When an incident leaves one of the villagers fighting for his life, his lover asks the Elders for consent to enter the impermissible woods to reach the outside towns for much needed medicines. The lover and heroine is a blind girl named Ivy, daughter to the head Elder, Mr. Walker. He ultimately reveals truths about the village, the creatures in the woods, and the secrets of the Elders to her. With this information, Ivy journeys, alone, beyond the safety of her village into the woods and (hopefully) reaches the outside world in time to save her lover’s life.

Watch the entire film on YouTube, here.

At first glance, communal intimacy and youthful innocence portrays the village in a utopian light. There are frequent long-table dinners, barn wedding celebrations, and hide-and-seek games within the flowery fields. However, this society lives in vigilant fear of the haunting creatures lurking beyond their borders—which are attracted to the color red and are only referred to as “those we do not speak of”.

A discussion over a slain animal, in what appears to be an elementary classroom setting, shows the village children believing “those we don’t speak of killed it”… “they’re meat eaters”… “they have large claws,” (6:45). The Elder speaking to them stresses “We do not go into their woods, and they do not come into our valley. It is a truce.” This tells the younger generation that they must never leave the mental and physical safety net of the village; they must abide by the rules.

As with most children, some of the village boys have a daring appetite for rebellion or adventure. In one scene, a village boy has been dared to stand on a tree stump at the edge of the borders, with his back to the woods (14:40). His friends watch from a safer distance, seeing how long he can last before getting scared. Eventually, his fear gets the best of him and he runs away from the edge. They are all encouraged, by fear, to obey. Always.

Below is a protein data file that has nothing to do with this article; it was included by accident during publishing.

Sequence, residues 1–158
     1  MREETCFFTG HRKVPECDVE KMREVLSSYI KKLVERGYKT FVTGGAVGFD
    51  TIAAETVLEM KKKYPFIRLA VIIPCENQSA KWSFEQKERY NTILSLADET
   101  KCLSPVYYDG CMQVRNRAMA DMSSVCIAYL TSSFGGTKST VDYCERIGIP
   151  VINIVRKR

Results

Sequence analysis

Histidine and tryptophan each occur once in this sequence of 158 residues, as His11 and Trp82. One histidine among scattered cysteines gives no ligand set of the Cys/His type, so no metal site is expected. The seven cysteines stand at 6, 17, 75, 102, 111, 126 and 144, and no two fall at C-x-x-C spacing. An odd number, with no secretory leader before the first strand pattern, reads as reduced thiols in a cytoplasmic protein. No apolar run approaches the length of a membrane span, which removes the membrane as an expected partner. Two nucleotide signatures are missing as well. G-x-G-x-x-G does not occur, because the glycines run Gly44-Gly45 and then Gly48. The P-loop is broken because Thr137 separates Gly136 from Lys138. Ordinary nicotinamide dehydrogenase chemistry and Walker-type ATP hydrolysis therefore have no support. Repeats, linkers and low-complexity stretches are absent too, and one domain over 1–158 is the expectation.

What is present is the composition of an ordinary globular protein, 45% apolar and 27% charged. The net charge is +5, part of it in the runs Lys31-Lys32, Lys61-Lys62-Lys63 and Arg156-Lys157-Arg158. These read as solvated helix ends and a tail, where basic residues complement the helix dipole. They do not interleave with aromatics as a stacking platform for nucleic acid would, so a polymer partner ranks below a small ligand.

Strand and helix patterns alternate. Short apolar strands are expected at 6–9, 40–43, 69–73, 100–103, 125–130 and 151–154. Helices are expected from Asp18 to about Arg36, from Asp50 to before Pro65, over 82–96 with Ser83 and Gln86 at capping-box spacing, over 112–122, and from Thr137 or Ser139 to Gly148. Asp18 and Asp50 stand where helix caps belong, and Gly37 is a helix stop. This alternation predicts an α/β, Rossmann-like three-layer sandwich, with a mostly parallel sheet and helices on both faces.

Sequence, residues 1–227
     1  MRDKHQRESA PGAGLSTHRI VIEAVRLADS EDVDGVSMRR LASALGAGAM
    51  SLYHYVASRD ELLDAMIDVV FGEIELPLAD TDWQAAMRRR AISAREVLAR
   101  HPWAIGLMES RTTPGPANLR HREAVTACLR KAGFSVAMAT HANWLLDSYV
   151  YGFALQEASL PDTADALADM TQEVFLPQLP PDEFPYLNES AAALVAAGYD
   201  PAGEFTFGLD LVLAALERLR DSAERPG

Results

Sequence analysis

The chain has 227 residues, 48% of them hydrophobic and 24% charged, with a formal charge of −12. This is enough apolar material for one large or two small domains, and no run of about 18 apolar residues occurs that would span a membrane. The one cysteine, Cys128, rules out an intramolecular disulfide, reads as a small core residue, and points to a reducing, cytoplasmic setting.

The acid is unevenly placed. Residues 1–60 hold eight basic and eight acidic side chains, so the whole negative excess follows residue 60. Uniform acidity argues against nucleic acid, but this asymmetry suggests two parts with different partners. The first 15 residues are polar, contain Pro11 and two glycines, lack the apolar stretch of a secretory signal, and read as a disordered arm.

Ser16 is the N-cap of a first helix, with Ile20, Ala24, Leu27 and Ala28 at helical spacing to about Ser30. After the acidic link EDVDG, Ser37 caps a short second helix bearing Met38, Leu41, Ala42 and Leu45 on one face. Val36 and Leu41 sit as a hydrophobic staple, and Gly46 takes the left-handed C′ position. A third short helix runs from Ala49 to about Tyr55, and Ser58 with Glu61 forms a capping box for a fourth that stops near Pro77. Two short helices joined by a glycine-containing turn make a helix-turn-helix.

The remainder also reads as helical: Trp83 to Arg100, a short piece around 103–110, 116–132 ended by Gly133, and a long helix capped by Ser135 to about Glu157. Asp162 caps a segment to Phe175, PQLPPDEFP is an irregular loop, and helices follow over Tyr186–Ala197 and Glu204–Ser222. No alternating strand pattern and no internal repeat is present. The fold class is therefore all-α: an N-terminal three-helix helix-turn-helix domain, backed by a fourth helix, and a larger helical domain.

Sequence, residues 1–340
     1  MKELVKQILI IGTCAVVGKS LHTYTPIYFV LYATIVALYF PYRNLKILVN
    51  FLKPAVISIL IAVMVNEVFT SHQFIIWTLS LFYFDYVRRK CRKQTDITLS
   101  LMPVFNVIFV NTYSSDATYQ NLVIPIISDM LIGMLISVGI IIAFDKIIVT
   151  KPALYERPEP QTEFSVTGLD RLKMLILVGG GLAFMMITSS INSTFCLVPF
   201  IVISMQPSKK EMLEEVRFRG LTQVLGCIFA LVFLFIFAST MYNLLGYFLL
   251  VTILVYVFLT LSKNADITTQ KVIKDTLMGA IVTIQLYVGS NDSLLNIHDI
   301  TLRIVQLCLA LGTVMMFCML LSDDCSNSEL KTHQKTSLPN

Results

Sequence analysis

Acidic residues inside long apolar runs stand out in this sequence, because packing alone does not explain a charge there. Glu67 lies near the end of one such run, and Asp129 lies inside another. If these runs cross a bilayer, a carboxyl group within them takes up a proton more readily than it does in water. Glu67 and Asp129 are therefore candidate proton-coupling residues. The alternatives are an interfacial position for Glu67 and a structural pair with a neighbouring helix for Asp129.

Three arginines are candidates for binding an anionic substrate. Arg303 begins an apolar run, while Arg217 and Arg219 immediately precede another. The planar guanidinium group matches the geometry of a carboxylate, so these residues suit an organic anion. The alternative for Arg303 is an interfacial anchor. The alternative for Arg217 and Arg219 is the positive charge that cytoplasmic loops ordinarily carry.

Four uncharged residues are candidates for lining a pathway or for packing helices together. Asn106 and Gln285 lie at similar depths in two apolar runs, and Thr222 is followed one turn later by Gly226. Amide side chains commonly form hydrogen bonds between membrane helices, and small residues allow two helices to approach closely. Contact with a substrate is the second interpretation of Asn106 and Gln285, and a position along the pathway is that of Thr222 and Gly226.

Because of fear, the people lack courage. Only Ivy experiences such bravery, which is fueled by her deep love for her fiancé, Lucius. She has the courage to venture into unknown territories even though she is blind. She has the will to continue her journey even after her two assisters have abandoned ship. She also has the determination to face and defeat a creature that attacks her in the woods. In all of these instances, love conquers fear.

Ivy’s character is very brave, even though many people may view her blindness as a major limitation/flaw.
Ivy garners the courage to fight off a creature in the woods.

Unknowing to the village people, fear is the Elders’ method of controlling/governing them— they use fear to protect their village. It is all mainly to prevent the villagers from physically venturing out beyond their borders, and to squash any curiosity or interests of the outside world. No one ever leaves, and no one (an outsider) ever enters Covington.

A great clip on the villagers’ fear of “those we don’t speak of”:

There are other rules and regulations the village people also follow. People must be granted authorization to venture out; people need the blessing for a marriage; all accidents/incidents must be reported to the Elders. The men and women Elders make decisions altogether, always as one. The Elders even take turns being the chairman for meetings (although, Mr. Walker is the definite head Elder). They are seen as trustworthy, all-knowing, and right/true to their people, mainly because of wisdom gained from interaction with the “outside towns” before settling here.

What the Elders eventually realize, however, is that “heartache is a part of life” (1:14:00). Even though they had each tried to leave their painful pasts behind (dealing with a violent or unexpected death of a loved one) in the outside world, they still continued to experience the pain of losing loved ones inside the village (to disease and accidents). This reminds me of the people who scarcely age, in James Hilton’s Lost Horizon. The High Lama, or Perrault, himself has been living for over 300 years. Other people within Shangri-La, like Lo-Tsen, have been able to retain beauty and youth over many years—they are all about preservation, and relish in their carefree bliss. However, in Covington, the Elders work to erase knowledge about the outside world—and its population is not really expanding.

In Lost Horizon, Shangri-La is able to sustain its population by bringing outsiders into its valley; yet, it is so well hidden from the outside world, that Conway struggles to ever find his way back to paradise. Covington, on the other hand, prides itself on staying completely isolated from the outside world. Ivy later learns that the village exists somewhere deep inside a wildlife preservation, well-funded by her family’s estate to keep people out and planes out from sight. The Elders never look to invite outsiders to join the village, and its population grows only through existing lineages.